Changes in the MDA levels of the rats in the different groups at three time points (n=10/group; mean ± SD, nmol/ml).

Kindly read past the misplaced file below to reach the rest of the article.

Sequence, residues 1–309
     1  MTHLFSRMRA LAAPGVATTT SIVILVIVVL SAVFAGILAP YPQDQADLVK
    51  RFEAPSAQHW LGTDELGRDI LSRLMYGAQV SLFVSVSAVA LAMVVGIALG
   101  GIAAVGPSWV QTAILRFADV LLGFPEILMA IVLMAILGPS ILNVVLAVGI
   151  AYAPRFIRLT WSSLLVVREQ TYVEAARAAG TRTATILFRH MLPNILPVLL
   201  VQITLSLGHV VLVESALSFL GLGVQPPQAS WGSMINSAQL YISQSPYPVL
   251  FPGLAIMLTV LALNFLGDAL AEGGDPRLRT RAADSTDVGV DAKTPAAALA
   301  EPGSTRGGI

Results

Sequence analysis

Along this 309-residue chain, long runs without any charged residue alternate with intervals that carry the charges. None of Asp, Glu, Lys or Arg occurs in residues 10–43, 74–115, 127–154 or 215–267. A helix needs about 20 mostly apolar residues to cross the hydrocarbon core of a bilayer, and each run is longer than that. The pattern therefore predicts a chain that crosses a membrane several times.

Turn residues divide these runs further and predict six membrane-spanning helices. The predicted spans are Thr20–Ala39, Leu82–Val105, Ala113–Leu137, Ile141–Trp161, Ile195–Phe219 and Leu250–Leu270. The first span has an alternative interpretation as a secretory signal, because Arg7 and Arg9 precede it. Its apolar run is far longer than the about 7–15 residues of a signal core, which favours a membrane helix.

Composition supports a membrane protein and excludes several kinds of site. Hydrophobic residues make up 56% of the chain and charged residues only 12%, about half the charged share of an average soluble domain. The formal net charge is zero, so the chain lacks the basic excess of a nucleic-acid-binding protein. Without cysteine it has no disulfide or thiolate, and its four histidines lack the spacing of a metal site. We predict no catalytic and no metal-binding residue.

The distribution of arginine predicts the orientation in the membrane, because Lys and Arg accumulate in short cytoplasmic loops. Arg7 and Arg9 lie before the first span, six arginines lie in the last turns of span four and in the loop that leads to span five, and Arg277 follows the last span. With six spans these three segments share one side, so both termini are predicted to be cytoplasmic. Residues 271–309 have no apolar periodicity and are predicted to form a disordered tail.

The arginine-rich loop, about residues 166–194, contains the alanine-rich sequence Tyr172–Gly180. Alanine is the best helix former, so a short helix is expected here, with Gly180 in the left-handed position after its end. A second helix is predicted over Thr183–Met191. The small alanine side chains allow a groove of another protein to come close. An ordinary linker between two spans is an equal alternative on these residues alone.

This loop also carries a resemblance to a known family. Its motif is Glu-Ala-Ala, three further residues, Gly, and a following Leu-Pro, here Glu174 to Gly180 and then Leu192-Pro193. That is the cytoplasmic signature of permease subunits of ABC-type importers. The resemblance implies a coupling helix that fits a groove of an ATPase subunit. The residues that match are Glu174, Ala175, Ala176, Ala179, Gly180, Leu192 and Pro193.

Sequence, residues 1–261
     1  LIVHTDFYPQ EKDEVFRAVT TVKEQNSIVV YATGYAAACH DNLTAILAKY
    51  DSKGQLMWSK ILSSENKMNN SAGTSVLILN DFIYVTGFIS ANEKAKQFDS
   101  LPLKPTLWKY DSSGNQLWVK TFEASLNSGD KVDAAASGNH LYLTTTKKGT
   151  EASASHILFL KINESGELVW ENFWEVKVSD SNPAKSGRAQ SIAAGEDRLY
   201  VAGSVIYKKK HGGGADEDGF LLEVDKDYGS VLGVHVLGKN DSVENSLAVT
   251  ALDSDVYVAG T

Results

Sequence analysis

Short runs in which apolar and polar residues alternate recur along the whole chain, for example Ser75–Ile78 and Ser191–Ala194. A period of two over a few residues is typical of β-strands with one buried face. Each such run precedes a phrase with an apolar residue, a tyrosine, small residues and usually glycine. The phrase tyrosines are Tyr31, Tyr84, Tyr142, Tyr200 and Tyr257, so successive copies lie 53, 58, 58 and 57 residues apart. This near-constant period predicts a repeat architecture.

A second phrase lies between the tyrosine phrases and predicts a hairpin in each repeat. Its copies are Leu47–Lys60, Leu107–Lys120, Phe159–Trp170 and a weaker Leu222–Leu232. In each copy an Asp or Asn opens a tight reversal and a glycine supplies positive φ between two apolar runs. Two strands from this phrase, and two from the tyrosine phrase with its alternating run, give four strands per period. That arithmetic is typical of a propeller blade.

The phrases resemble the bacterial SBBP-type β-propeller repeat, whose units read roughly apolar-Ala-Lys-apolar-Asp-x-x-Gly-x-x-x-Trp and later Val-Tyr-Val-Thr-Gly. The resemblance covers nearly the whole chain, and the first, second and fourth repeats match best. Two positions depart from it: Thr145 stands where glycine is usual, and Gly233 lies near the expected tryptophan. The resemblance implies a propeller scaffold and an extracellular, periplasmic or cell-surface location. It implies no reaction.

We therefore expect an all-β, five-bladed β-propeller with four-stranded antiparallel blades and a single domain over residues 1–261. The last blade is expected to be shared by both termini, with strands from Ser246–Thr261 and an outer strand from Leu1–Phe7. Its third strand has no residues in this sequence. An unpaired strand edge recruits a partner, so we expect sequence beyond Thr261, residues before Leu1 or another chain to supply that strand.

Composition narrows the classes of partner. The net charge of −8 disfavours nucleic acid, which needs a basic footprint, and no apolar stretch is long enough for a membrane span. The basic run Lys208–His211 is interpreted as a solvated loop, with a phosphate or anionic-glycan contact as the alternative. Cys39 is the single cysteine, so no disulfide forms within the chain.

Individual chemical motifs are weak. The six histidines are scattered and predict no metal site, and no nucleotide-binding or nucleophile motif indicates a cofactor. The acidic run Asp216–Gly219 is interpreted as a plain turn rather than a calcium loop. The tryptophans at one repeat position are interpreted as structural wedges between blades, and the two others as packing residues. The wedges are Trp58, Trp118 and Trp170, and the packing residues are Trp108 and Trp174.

Hemorrhagic shock may cause a series of responses, including the release of inflammatory factors such as TNF and IL-6 and oxidative damage, while inflammatory factors and oxygen-derived free radicals play an important role in the development of shock (9,10). In 1986, Tracey et al mimicked the pathological changes in hemodynamics and the injuries of cells and tissues in infectious shock using rats injected with recombinant human TNF-α (11). Additionally, Qiu et al identified the combination of TNF-α with mTNF-1R in the inflammatory reaction (12). IL-6 is generated by monocyte-macrophage cells, T-helper type 2 cells, endothelial cells and numerous other types of cell, and has a close association with the severity and lethality of systemic inflammatory response syndrome and MODS. IL-6 not only activates and poisons vascular endothelial and inflammatory cells, but also induces the synthesis of acute-phase proteins, catalyzes and amplifies the inflammatory reaction and toxicity, and causes damage to histiocytes and MODS (13). Active oxygen-free radicals attack the biological membrane of unsaturated fatty acids, causing lipid peroxidation into MDA. Thus, the content of MDA is a measure of the extent of lipid peroxidation damage (14). SODs are a group of heavy metal enzymes that reduce the levels of oxygen-derived free radicals and moderate the inflammatory reaction resulting from shock and ischemia-reperfusion injury. Tan et al (15) and Rhee et al (16) reported that, in a hemorrhagic shock animal model, the oxygen-derived free radical scavenger SOD reduces fatalities. In the present study, it was found that the levels of IL-6, TNF-α and MDA were increased while the levels of SOD were reduced in UHS rats compared with those of sham-operated rats, suggesting the existence of the inflammatory response in UHS and oxidative damage, and this result is consistent with that of previous studies (17).